The green water could be down to bacterial bloom due to interrupted filter bacteria caused by full water changes, or high phosphates in your tap water along with additional long periods of direct or indirect sun light.
When you get your test kit I would also invest in the API phosphate kit too, no one ever said fish keeping was cheap
dekahuna wrote: I'm now carrying out total water changes every week along with scrubbing the glass to remove algae. Darren
Hi Darren, total water changes will disrupt the filters bacterial colony so only aim to do 25-30% weekly.
The sooner you are able to get your own test kit the better, most, if not all on here use the API fresh water test master kit which will test for Ammonia, NitrIte, NitrAte and PH so well worth the investment and it will last you a couple of years.
Hi JD, one thing I twigged a while ago is that when you do a water change try to get the new water temp to match or a smidgen warmer, if the water going into the tank is cooler than the tank it can set the frisky males into a breeding frenzy?.i know?.go figure
amusingmax wrote: i will also do a full water test tommoz when i am back home and post the results on here. amusingmax
Why would you want to do a full water change?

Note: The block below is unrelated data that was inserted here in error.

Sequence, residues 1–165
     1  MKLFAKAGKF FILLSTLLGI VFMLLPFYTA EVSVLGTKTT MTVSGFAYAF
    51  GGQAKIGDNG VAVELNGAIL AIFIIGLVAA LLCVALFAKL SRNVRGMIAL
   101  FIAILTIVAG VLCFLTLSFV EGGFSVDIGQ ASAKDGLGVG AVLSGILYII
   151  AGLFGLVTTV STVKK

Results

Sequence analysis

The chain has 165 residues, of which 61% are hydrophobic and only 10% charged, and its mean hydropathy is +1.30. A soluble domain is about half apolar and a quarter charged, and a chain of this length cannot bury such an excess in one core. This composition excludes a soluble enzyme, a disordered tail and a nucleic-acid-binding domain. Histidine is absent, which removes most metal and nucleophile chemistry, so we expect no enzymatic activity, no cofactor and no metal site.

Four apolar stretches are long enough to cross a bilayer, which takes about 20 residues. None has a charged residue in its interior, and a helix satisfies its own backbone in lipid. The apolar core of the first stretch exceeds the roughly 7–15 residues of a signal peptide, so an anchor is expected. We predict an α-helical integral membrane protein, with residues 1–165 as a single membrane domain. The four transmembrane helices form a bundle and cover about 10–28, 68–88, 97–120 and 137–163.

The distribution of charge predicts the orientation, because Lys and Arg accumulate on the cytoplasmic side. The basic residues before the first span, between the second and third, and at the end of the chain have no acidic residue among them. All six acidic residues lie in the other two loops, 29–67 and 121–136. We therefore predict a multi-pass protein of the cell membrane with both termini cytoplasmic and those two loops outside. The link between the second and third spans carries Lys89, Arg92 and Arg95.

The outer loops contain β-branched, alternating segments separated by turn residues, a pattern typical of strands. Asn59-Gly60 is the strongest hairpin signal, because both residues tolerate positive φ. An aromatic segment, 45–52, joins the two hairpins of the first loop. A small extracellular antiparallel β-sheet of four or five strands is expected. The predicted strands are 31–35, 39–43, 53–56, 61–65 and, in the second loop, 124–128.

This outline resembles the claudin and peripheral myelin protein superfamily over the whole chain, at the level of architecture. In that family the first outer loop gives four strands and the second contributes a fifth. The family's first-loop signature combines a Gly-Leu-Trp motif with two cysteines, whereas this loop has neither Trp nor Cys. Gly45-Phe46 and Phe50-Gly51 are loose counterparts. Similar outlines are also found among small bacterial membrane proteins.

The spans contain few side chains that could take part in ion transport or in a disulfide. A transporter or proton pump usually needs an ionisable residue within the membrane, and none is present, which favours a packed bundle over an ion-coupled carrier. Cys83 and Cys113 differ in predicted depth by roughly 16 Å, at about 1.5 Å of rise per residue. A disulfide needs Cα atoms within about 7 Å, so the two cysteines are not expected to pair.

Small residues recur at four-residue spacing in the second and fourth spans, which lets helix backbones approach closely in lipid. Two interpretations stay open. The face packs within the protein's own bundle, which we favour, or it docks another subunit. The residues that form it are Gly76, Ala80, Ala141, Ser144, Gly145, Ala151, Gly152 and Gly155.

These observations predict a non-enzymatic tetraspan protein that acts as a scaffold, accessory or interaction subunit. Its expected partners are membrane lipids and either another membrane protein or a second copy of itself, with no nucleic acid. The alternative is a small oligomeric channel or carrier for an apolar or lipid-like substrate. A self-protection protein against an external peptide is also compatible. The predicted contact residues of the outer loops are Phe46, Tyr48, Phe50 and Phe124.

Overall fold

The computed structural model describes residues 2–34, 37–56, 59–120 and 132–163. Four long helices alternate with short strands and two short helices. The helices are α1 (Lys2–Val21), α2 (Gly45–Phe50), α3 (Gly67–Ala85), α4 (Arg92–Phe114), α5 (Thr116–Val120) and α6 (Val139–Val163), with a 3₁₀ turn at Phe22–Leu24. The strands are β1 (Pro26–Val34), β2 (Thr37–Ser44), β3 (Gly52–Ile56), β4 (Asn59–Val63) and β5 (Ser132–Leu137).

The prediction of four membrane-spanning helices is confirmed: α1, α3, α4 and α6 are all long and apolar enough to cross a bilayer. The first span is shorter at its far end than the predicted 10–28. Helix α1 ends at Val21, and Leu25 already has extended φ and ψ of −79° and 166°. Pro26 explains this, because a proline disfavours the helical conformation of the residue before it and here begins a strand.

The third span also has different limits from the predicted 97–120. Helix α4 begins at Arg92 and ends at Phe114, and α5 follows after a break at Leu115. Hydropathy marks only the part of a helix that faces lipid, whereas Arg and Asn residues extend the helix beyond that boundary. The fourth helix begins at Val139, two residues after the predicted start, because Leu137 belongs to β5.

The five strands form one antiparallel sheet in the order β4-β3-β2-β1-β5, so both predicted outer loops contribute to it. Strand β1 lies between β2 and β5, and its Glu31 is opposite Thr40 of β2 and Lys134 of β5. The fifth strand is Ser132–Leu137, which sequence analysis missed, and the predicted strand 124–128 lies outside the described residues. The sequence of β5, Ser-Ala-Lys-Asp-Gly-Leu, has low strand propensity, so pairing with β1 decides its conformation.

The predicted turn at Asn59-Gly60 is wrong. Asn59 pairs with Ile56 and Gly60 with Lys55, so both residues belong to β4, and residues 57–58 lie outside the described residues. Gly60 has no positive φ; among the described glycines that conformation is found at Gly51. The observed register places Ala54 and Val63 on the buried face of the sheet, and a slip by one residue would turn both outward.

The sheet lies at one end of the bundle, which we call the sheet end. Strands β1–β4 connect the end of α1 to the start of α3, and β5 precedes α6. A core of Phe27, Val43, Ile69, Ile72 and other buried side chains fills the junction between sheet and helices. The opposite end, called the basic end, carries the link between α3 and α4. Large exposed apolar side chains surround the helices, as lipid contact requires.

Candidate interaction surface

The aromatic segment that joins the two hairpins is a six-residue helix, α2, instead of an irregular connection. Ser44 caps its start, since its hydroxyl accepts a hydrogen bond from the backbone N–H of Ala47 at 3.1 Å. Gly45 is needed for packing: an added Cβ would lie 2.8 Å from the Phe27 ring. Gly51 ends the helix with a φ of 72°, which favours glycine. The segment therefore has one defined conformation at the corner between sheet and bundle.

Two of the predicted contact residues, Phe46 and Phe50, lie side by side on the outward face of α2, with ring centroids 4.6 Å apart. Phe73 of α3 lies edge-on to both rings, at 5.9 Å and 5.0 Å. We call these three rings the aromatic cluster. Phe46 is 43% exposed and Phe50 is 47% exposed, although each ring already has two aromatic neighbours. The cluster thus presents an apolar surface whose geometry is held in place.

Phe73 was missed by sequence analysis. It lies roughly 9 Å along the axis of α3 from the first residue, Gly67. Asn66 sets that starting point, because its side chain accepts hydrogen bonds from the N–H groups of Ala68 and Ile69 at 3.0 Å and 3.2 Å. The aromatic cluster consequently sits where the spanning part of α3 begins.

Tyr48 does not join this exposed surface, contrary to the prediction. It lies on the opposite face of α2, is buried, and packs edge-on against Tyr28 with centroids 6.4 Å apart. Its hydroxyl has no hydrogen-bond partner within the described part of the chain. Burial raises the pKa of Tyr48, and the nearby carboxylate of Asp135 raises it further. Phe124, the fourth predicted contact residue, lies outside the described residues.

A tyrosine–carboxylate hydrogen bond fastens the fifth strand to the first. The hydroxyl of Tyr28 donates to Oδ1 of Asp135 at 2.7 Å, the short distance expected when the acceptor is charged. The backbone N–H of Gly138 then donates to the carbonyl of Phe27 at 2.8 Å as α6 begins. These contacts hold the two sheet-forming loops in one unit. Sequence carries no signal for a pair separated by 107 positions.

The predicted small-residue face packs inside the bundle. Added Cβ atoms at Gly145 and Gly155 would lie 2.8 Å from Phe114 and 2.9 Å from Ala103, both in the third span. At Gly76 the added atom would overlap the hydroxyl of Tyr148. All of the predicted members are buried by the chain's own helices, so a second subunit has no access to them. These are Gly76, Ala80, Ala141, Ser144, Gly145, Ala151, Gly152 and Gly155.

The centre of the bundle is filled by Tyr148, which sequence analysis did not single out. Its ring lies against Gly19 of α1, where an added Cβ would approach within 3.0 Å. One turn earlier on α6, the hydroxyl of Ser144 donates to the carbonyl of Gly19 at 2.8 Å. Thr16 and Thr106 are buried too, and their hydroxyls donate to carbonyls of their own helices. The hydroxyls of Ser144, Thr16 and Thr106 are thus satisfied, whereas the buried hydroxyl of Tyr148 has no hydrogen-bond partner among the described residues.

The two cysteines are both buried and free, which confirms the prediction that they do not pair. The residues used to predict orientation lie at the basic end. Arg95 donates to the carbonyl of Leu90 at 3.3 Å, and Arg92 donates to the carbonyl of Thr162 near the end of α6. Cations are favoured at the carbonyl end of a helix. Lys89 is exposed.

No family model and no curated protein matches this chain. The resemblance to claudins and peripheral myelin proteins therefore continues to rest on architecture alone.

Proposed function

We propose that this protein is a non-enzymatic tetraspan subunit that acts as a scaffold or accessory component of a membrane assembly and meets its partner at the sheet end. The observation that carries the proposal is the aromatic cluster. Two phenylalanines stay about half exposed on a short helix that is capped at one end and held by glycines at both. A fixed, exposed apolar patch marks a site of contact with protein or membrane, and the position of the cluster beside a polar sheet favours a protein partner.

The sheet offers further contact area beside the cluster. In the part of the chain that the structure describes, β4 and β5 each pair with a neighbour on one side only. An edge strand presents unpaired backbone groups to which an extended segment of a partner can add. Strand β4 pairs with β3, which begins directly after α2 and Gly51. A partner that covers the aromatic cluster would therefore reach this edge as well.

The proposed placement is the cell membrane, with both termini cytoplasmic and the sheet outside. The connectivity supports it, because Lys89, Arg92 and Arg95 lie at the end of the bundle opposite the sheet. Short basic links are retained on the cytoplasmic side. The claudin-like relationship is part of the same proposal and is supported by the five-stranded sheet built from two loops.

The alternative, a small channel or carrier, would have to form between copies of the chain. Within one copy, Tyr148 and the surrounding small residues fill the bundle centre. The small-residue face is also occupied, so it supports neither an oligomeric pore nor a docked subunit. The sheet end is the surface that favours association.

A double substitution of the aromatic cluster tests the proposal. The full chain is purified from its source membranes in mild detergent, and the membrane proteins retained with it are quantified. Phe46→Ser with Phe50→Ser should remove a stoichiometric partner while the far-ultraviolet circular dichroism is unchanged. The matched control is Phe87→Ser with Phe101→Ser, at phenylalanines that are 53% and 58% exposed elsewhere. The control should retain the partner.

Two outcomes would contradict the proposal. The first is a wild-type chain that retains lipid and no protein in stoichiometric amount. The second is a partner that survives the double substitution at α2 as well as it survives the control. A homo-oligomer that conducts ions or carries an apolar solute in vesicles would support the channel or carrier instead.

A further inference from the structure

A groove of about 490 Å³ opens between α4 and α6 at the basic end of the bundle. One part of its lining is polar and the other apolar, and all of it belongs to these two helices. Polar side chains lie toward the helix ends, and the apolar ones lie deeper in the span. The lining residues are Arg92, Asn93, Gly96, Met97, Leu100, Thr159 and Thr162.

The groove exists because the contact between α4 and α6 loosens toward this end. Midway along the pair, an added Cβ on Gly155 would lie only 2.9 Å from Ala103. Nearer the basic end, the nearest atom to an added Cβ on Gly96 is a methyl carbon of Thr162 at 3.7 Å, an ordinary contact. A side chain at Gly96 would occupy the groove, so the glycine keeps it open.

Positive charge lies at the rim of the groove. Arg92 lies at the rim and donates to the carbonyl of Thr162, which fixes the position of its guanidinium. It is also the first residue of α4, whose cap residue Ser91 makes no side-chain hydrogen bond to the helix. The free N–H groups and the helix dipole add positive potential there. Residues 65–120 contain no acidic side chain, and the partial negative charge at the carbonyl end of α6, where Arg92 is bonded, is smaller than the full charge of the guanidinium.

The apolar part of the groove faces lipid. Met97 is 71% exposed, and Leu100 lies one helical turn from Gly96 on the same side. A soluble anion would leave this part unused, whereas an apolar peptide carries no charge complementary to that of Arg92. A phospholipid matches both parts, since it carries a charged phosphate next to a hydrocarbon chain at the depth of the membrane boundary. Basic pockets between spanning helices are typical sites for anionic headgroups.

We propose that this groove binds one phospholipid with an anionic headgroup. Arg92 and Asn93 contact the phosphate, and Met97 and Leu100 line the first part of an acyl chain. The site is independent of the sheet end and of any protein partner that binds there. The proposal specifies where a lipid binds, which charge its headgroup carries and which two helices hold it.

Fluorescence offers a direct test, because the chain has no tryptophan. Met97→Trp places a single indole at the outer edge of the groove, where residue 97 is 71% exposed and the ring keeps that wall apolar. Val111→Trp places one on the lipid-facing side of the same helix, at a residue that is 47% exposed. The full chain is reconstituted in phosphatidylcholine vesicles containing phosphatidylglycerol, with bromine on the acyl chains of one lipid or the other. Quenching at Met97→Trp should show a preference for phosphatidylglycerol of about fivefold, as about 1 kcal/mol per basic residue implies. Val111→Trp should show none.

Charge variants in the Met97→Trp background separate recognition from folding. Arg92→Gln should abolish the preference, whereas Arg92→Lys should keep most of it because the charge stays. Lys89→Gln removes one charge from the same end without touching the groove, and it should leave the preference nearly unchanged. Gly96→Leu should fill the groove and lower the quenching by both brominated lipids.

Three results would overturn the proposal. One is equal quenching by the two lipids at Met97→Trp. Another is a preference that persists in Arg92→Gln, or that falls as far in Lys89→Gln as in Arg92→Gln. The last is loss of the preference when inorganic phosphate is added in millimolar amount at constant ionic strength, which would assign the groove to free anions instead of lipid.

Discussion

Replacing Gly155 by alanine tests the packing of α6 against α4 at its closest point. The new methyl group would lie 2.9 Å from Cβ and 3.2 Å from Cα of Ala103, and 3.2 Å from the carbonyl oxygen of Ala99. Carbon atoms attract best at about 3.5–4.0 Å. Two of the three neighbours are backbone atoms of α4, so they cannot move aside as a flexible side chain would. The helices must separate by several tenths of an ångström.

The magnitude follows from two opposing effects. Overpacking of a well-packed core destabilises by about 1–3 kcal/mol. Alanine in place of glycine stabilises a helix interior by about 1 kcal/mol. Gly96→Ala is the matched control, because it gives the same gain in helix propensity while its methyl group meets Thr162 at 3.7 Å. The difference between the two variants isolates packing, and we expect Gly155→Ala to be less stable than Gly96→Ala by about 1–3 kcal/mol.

Your water is murky because it is trying to cycle. Only ever do a 25-30% water change at any one time. As your tank is currently trying to cycle you are seeing a bacterial bloom which will clear as the cycle progresses.
Test your water every day, your test results when cycled should read, Ammonia 0 NitrIte 0 with Nitrates as low as possible, you will never get your nitrate to 0 as this is the final stage of the nitrogen cycle which needs to be diluted during a weekly partial water change. Anything other than the results above, require daily partial water changes to relieve the stress and toxins on the fish.
As Noodle said you have some decisions to make on which of the fish you can keep in your water and tank size as not all your fish are suitable.
PS. live plants are the best option for fish and can only improve your water quality as long as they are not dead and rotting, and your fish will eat them as you've seen and is good for their diet.